When I was reading through the text and Laszlos name popped up, I couldn’t help to wonder about him. I had never heard his name and wanted to learn more on him. We know from the reading that Laszlo replaced Johannes Itten as instructor of the foundation course at the Bauhaus. Laszlo’s induction as a professor marked the end of the schools expressionistic leaning and moved closer towards its original aims as a school of design and industrial integration. The Bauhaus was known for it ‘jack of all trades’ artists, laszlo being among them, being innovative in the fields ranging from photography to typography. Being a man of many skill sets was a huge influence on many of his students and colleagues alike while teaching at the Bauhaus.
Laszlo was born July 20, 1895. He was born to a Jewish-Hungarian family. He attended Gymnasium, a high school in the city of Szeged. In 1914 he was sent into the Austo-Hungarian army. He experienced the horror of war on the Russian and Italian fronts, which remained with him for the rest of his life. He drew daily during this time as a soldier, sketching field life, his fellow officers, and the civilians he encountered. This was in a way his beginning as an artist, as when the war ended, he graduated with a law degree, but his heart lay with a brush, and later a camera.
Moholy-Nagy was attracted to the art by Malevich and Lissitsky. He also studied the works of Rodchenko, Tatlin and Kandinsky in great detail and learned about the cultural aspects of the Russian Revolution. These men would influence his future work, and his own style would be influenced by Suprematism, Russian Constuctivism and Dada. Laszlo celebrated the countless resources of form and movement, the possibilities of where technology, as well as art were going.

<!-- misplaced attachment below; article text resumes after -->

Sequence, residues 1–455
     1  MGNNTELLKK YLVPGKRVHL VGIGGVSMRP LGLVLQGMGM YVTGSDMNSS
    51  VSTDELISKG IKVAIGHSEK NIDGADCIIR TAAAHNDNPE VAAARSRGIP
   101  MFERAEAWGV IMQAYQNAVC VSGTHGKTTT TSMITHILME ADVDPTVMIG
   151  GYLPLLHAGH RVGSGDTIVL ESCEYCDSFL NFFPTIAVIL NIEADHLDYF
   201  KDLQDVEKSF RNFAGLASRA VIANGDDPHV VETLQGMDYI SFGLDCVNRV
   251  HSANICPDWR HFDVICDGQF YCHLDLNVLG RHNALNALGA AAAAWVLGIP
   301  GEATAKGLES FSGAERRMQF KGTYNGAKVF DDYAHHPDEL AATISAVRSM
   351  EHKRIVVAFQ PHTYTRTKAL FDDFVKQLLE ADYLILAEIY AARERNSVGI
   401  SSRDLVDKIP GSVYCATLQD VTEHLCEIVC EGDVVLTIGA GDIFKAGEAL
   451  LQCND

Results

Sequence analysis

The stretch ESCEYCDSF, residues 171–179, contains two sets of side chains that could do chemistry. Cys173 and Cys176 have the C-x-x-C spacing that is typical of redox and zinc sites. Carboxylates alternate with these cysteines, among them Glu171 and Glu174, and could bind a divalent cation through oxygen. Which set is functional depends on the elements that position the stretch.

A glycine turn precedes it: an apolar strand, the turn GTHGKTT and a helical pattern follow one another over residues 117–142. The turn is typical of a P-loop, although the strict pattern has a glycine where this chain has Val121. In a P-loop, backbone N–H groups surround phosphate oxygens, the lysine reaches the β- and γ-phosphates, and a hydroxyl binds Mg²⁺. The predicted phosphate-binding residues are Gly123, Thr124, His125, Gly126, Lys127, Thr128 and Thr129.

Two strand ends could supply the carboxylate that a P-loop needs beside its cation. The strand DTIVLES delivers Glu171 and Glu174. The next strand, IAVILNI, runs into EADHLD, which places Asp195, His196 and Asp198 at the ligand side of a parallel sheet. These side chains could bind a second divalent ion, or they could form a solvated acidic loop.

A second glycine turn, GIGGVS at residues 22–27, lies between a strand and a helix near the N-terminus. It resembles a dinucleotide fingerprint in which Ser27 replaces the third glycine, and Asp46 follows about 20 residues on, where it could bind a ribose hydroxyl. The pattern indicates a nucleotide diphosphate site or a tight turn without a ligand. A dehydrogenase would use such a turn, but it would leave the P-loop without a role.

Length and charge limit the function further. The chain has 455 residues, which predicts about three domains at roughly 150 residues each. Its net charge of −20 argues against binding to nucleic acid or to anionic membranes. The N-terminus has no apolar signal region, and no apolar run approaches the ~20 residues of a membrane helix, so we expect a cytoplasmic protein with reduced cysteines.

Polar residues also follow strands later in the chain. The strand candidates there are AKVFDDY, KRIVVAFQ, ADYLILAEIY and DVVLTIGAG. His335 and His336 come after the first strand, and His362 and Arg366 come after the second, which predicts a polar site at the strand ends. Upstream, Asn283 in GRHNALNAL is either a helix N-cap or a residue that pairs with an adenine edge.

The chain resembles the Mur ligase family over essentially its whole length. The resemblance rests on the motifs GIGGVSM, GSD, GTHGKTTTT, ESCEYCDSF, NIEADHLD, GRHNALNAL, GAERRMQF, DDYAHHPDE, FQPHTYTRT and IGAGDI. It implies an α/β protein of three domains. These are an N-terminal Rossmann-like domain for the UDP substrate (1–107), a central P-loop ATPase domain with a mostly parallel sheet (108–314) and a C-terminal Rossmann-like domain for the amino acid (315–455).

Perhaps his most crowning achievement was his construction of the Light Prop for an Electric Stage, a device with moving parts meant to have light projected through it in order to create mobile light reflections and shadows on nearby surfaces. This installation embodies the artists aim to introduce kinetic elements into a work of art. It is a greaty sum up for Moholy-Nagys interest in the unity of art and technology.
The Light Space Modulator, 1929-1930
After his work at the Bauhaus, which ended in 1928, he worked freelance and down the line a bit he was invited by Walter Paepcke, Chairman of the Container Corporation of America, he would move Chicago to become director of the New Bauhaus. This fell through a year later because of poor funding. Throught support from Paepcke, Laszlo opened the School of Design in 1939, later the Institute of Design in 1944. Moholy-Nagy died of leukemia in Chicago in November 1946. At the time of his death he was President of the Institute of Design, now having 680 students, a director of the American Designers Institute, of the CIAM (Congress Internationale Architecture). Many of his works are displayed in many locations, like the MOMA. Laszlo leaves his mark on art, and even technology, as he was one of the leading members to unify the two to create works that paved a path for many fields that he was involved in.
Passuth, Krisztina. Moholy-Nagy. Trans. London: Thames and Hudson, 1985.